In the beginning was THE END.


As a coach, my focus is on serving clients who are entering into - or mired in - a season of transition. I'm the coach for you if something in your life has come to an end. Maybe it's the job; maybe it's the relationship. Maybe it's the tribe, belief, or identity that is no longer serving you in this new place.

Or maybe it's as *simple* as recognizing the end of what you can no longer tolerate as acceptable. The gray winter between what was and what’s next is often undervalued for the fertile soil of learning it may produce. Afterall, as with the seasons, something is becoming during this time.

All endings give way to new beginnings. Thus, I’m often curious in my own life about what’s the next thing that wants to end?  

I found myself sitting with this question recently and stumbled upon a bit of internal conflict. How does one determine if what they’re experiencing is a necessary ending or a test of their grit? Thought leaders seems to share differing opinions on the matter.  

For example, in works such as The Dip, Seth Godin speaks often about sunk costs and new decision points, essentially when to quit and when to persevere. Then again, in The War of Art, Steven Pressfield describes “resistance” as that force or energy that opposes the creative process, (and which then must be defeated).

So when there’s a pain point in our lives, how do we determine if that pain is tied to an ending that we won’t let go of, or if it’s resistance that we must push through?  

At that particular moment in my life, in fact, there was a pain point, a resistance. “Do I ignore sunk costs and pull the plug?” I asked myself, “or play the long game and keep grinding?”

Here’s what my curiosity generated.

First, consider the pain and the prize, such as the correlation between childbirth and the joy of beholding new life. I had to ask myself: what’s giving birth here? Is the pain I’m feeling a natural part of the process of what is becoming? In my case, the answer was “no.” The pain was tied to people on my project who were negatively impacting my desired state. Their behavior was/is never going to change. Nothing was becoming; in fact, what I wanted to become was being hindered. Pain without a prize.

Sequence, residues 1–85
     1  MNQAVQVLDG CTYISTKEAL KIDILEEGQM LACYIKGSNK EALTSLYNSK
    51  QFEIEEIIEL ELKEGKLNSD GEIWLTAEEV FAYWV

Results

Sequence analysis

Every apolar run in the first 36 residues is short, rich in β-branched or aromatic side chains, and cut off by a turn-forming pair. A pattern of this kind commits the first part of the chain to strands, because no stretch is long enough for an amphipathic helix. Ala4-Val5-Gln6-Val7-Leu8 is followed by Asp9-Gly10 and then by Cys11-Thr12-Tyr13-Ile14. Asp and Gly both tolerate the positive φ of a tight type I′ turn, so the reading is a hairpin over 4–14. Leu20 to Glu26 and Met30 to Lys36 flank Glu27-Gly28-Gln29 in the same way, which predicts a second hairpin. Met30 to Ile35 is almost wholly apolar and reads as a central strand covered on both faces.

Second, notice the resistance and the respite. Imagine pushing an object up a mountain: it’s heavy, painful, uncomfortable, costly. But you know that this effort is momentary, and you know that plot of earth where you will crest the hill, reflect on what you’ve learned, and be grateful for what you’ve accomplished. For example, the pain of learning how to build your website will not always be present, for someday you will have a finished (enough) product. However, pulling dead weight is a different energy altogether. Maybe you opted to have someone build your site, and the developer is sandbagging your momentum, screening your calls, and failing to deliver. You cannot foresee a respite in regard to this person’s disposition. (Interestingly, even as I capture these thoughts, the theme of person vs. process keeps surfacing).

So what happened in my personal example? Did I accept (and implement) the necessary ending? Or did I persevere through the challenge?


What ended for me was the emotional attachment to the outcome: I realize now that I can let go of this effort when and if the time comes. I'll be ok, life will go on, new opportunities will rise from the ashes. But I'm also willing to live with the pain for now, having gained a new perspective and appreciation of the benefits that are present. This will continue to develop and evolve, and I'm grateful for the learning I've experienced.

What about you? Is the scent of ending in the air? Or are you inspired to double down and strive toward the prize?

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